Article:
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SVG ranked third in the Americas for Press Freedom

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09.MAY.08

St. Vincent and the Grenadines ranks third in the Americas for Press Freedom, according to a 2008 report from the New York based organization Freedom House.{{more}}

The survey of 195 countries and territories around the world placed St. Vincent and the Grenadines 21st in the world, tying with the United States and just ahead of Canada, which came in 25th.

According to Freedom house, the study is based on universal criteria. “We seek to recognize press freedom wherever it exists, in poor and rich countries, as well as in countries of various ethnic, religious, and cultural backgrounds.”

The report gave as sources of information: correspondents overseas, staff travel, international visitors, the findings of human rights and press freedom organizations, specialists in geographic and geopolitical areas, the reports of governments and multilateral bodies, and a variety of domestic and international news media.

In explaining the methodology, the report said, “Our examination of the level of press freedom in each country is divided into three broad categories: the legal environment, the political environment, and the economic environment. The legal environment encompasses both an examination of the laws and regulations that could influence media content as well as the government’s inclination to use these laws and legal institutions in order to restrict the media’s ability to operate. We assess the positive impact of legal and constitutional guarantees for freedom of expression; the potentially negative aspects of security legislation, the penal code and other criminal statutes; penalties for libel and defamation; the existence of and ability to use Freedom of Information legislation; the independence of the judiciary and of official media regulatory bodies; registration requirements for both media outlets and journalists; and the ability of journalists’ groups to operate freely.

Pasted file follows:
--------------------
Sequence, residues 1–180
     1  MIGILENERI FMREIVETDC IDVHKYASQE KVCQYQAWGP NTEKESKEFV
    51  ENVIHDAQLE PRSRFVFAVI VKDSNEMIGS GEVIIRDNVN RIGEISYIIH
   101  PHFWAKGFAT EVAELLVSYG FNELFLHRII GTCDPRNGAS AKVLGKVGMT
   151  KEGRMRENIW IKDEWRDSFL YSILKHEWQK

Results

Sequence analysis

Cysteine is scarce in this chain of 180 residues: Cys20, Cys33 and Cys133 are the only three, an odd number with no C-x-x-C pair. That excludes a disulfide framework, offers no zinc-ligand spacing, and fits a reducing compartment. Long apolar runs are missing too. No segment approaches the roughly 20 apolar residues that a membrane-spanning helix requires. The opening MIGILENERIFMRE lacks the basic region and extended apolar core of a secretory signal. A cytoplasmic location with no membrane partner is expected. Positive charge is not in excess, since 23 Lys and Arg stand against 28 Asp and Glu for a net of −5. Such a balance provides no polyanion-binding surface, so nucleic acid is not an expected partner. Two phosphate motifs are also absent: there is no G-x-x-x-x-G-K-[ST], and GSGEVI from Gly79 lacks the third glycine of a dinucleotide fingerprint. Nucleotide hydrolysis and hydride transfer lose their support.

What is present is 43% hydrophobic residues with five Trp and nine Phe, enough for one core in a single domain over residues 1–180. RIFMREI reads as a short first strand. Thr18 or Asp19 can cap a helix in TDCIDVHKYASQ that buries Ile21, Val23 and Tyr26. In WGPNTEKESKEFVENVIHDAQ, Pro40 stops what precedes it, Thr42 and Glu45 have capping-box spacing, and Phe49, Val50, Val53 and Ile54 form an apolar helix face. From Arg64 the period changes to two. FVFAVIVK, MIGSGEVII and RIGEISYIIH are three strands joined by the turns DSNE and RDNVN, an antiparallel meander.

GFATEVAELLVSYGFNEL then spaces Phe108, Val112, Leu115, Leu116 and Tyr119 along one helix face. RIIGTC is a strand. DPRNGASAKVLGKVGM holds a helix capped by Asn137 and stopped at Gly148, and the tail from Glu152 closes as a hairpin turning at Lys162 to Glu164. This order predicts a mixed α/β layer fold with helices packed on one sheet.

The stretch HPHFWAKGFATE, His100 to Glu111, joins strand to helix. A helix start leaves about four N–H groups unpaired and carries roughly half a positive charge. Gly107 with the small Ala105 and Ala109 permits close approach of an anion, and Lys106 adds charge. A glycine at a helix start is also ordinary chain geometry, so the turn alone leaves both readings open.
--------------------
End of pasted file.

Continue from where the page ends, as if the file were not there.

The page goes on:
“Under the category of political environment, we evaluate the degree of political control over the content of news media. Issues examined in this category include the editorial independence of both the state-owned and privately-owned media; access to information and sources; official censorship and self-censorship; the vibrancy of the media; the ability of both foreign and local reporters to cover the news freely and without harassment; and the intimidation of journalists by the state or other actors, including arbitrary detention and imprisonment, violent assaults, and other threats.

“Our third category examines the economic environment for the media. This includes the structure of media ownership; transparency and concentration of ownership; the costs of establishing media as well as of production and distribution; the selective withholding of advertising or subsidies by the state or other actors; the impact of corruption and bribery on content; and the extent to which the economic situation in a country impacts the development of the media.

Finland and Iceland tied for first worldwide, while Jamaica ranked first for the Americas, with St. Lucia taking second place.

Venezuela and Cuba came in at the bottom of the ranking for the Americas taking up the 34th and 35th position, respectively, while North Korea ranked last in the world.

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